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Sports Illustrated article shows how Patriots TE Rob Gronkowski is a football genius

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The profile of the tight end shows how he’s a total football savant.

Sports Illustrated has handed the magazine over the Monday Morning Quarterback crew this month and they have an awesome feature on New England Patriots tight end Rob Gronkowski. There are apparently some good notes from the Patriots victory over the Cardinals in the magazine itself, so it might be worth checking out.

Let’s talk about the article on Gronk, though. The premise is that the Patriots All Pro tight end is a football savant that is one of the biggest game-changers on the planet, despite his goofy personality off the field. In my opinion, this is a spot on analysis of Gronkowski

“Rob is a versatile athlete, but he’s also a versatile guy mentally,” Patriots head coach Bill Belichick told MMQB/SI. “He can handle a lot of different assignments. Some guys can’t. Either they mentally can’t do it, or it’s just too much and their game slows down. They don’t play to the same skill set you see athletically because they’re thinking too much. That’s not the case with Rob.”

Belichick actually shed some light on the complex nature of the Patriots offense and how he uses Gronkowski to give the Patriots an edge on a weekly basis.

“There are a lot of defensive looks that go with that formationing,” Belichick said, referring to to act of moving Gronkowski and other players around the formation. “If you’re always in the same spot, you’re probably going to see only a few different looks. When you’re in a lot of different spots, the look changes. Different assignments. Different techniques. A different picture on the defense. And as those multiples go together, it just becomes exponential. Three different plays become 15 plays.”

Essentially, Gronkowski is a huge chess piece because he can line up on the line, in the backfield, in the slot or out wide. The quarterback can move Gronk anywhere in the formation to take advantage of a defensive formation, but this also requires Gronkowski to know what to do in each of those roles on any given play.

Gronkowski’s importance becomes even more clear when you learn that he also knows the blocking scheme and call on every given play, “in case [Tom Brady] flips the direction of a running play.”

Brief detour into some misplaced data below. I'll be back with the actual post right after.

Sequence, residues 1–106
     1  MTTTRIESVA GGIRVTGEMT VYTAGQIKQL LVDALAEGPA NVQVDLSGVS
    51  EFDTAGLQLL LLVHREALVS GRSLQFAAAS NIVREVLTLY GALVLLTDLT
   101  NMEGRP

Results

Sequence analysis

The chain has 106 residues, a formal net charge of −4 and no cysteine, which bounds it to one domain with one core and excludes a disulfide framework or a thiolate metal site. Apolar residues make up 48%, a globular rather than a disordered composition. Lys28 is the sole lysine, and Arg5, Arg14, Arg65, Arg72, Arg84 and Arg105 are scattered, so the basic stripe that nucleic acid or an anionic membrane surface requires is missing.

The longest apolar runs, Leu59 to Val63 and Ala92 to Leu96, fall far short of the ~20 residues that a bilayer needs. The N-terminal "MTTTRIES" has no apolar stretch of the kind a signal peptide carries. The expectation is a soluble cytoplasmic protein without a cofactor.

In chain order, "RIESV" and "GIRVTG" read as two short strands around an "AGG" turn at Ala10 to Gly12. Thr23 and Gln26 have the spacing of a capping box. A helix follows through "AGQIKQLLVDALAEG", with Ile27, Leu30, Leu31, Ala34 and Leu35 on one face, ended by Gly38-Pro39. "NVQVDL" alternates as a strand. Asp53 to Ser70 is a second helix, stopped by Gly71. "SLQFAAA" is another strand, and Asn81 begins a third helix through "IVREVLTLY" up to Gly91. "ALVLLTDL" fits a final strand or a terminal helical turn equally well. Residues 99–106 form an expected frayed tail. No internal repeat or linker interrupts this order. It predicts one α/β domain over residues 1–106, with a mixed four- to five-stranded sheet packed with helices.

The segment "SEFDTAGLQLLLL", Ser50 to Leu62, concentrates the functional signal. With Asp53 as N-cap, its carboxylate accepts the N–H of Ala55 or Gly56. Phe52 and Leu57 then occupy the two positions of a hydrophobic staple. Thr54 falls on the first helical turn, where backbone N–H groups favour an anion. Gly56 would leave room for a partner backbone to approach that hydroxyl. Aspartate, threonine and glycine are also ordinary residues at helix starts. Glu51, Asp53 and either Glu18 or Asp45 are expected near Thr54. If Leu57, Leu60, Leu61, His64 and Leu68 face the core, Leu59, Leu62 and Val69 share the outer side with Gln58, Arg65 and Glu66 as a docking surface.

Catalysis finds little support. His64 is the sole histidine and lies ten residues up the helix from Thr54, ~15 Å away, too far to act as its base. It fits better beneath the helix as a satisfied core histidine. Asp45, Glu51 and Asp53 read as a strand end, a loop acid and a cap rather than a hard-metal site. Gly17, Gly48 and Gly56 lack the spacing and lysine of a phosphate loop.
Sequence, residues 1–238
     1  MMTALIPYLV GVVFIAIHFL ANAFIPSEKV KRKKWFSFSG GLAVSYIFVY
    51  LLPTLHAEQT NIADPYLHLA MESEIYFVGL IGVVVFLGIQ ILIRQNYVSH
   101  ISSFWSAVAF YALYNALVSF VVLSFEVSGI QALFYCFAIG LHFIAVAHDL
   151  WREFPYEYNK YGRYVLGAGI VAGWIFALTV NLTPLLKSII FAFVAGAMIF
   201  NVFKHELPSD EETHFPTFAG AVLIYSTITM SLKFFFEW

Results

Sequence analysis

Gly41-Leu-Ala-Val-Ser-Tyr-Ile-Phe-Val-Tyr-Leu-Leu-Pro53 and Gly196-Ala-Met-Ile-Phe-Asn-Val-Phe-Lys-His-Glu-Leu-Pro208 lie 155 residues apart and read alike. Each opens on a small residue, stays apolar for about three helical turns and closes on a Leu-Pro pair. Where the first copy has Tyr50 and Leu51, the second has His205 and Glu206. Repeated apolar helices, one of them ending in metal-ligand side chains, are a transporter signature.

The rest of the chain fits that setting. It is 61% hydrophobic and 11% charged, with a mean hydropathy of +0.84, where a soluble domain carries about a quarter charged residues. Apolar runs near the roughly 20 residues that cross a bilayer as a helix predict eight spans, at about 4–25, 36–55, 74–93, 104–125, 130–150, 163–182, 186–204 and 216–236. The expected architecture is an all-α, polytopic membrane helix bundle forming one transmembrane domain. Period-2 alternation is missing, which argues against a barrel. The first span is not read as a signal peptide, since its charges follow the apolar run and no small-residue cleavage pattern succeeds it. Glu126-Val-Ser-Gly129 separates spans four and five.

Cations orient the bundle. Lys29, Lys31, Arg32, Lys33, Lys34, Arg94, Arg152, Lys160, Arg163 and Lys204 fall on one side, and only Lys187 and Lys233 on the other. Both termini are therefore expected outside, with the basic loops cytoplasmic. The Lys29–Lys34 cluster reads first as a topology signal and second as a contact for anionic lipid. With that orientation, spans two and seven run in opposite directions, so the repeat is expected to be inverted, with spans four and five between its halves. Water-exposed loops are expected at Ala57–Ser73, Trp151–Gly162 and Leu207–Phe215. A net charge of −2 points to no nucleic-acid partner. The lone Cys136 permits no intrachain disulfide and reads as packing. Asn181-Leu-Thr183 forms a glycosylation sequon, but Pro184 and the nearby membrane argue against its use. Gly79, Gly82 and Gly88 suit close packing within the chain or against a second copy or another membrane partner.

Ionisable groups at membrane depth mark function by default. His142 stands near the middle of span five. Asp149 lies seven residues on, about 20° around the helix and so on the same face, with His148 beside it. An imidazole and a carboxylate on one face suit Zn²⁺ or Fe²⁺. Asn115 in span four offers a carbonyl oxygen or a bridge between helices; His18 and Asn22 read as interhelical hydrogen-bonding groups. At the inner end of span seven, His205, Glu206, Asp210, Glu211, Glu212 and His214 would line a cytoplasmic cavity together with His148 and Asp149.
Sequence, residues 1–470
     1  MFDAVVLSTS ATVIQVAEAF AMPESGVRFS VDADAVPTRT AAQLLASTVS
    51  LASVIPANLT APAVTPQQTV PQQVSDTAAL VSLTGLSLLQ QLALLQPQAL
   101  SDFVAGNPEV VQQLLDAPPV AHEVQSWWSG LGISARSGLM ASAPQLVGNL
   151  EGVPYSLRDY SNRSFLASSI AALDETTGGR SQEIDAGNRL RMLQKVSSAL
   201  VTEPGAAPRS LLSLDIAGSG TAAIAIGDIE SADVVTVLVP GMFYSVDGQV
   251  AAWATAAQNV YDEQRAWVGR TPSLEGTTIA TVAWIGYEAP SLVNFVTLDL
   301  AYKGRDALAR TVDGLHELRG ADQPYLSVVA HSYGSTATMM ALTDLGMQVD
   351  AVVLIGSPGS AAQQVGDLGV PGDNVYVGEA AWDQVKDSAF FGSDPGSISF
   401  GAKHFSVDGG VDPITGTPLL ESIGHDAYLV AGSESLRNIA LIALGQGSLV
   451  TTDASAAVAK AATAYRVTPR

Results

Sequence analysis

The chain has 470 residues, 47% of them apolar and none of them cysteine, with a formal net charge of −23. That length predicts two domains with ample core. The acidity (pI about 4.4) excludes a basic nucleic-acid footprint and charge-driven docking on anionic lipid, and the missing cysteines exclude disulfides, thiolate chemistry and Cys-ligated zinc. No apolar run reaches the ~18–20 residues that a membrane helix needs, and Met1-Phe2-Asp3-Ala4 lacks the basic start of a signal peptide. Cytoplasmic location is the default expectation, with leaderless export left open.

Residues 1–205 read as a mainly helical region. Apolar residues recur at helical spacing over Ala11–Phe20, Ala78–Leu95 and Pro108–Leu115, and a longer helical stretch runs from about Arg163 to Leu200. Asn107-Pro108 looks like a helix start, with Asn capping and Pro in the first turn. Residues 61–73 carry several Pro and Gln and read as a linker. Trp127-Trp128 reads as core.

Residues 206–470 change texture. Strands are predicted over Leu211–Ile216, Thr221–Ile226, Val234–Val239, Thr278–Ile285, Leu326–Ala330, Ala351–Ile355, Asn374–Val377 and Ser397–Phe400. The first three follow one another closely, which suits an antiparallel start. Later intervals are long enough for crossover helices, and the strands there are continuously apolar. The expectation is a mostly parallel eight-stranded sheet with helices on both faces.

The Patriots ask more of Gronkowski than any other player and he doesn’t just excel; he dominates.

Gronkowski sheds some insight on how he became such a dominant force and how quarterback Tom Brady helped, ahem, inspire his growth.

“When I first got into the league, I just used to run,” Gronkowski said. “Just run the route. Really no technique to it. I really couldn’t separate myself from the defender.

“Tom [Brady] is a teacher. At first he just tells you what to do. If you don’t get it right after that, he’ll come at you hard. He’d come at you really hard back in the day. He’s not really like that anymore, at age 39. But back in the day, like six years ago, he used to come at me hard if I didn’t do it right.”

I have to interject because I love the idea of 2016 Brady being a more chilled out version of 2010 Brady, sipping Mai Tais in the locker room at halftime. On to the story.

“Tom wanted me to get outside leverage on this flag route [in practice], and I just couldn’t. I just kept going inside. And he just flipped out on me about it. He said, ‘All right, the ball’s not going to you then.’ ” Gronkowski’s eyes drift down as he relates the story. “I remember that.” After a slight pause, he says, “So finally I just started learning, All right, I’ve got to get outside.”

I’m not sure what Brady did here, but it totally worked. Is this the classic I’m Not Mad, But I’m Disappointed? Or the I’m Taking My Ball And Going Home? But the Patriots need more players on offense that respond like Gronkowski did.

Read the full profile here. There are a lot of good quotes from rival coaches and Gronkowski himself.